The class had made the chains
of people, hand on cardboard
hand, and now the garbage can

was full when Ezekiel pulled
one out who'd been ripped
away. "This my brother Jay,"

he said. "You know, he dead."
And then he traced a smile
back on the face, and eyes

as bright as suns, and then
in paper cut out guns. He
taped them into place. "Now

he safe," he said. "I'ma take him home.

And on another day he wrote
his name on a paper sheet,
rolled it into a scroll to eat,

took slow bites and claimed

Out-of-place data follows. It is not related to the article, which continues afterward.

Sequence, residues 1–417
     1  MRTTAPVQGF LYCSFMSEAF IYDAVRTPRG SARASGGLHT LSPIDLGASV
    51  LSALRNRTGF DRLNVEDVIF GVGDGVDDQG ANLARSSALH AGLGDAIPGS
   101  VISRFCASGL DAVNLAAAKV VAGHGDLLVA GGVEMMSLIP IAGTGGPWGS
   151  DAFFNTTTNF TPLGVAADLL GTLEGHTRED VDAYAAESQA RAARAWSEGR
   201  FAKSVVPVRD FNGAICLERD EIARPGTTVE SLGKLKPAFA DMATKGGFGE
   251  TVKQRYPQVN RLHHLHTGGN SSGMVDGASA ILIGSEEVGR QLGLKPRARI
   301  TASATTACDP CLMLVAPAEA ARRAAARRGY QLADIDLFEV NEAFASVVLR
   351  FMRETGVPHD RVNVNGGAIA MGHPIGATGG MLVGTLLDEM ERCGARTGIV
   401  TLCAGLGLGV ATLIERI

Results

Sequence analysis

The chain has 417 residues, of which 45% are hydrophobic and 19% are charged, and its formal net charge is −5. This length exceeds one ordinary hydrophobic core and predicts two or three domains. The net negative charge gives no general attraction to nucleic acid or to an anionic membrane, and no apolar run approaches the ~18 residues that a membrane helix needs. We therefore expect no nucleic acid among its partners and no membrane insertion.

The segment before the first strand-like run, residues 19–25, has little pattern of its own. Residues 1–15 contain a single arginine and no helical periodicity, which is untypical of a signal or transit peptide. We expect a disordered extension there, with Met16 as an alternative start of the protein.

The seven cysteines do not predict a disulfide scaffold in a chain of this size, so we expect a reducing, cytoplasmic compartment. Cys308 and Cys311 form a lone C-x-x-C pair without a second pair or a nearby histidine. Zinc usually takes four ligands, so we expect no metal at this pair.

he liked the taste. "Iss like
paste. " Then spitting out

the moistened wads, he
shaped small beings. I thought
of God's bitter words

as if Ezekiel must chew
what the Bible says is true,
as if Ezekiel must tell

all the children who rebel
that they will come to harm,
that function follows form.

How could I say that he must
stay within the lines, that clay
is not to throw. What do I know.

So I gave Ezekiel the chance
to write his own words
on his pants with markers:

"Evil Browns" with s backward
and v upside down, Nife
in red and blue, his brother's

name in black, graffitied waist
to cuff, until he'd had enough
of texts. So I sent him home

into the scrabbled projects all alone.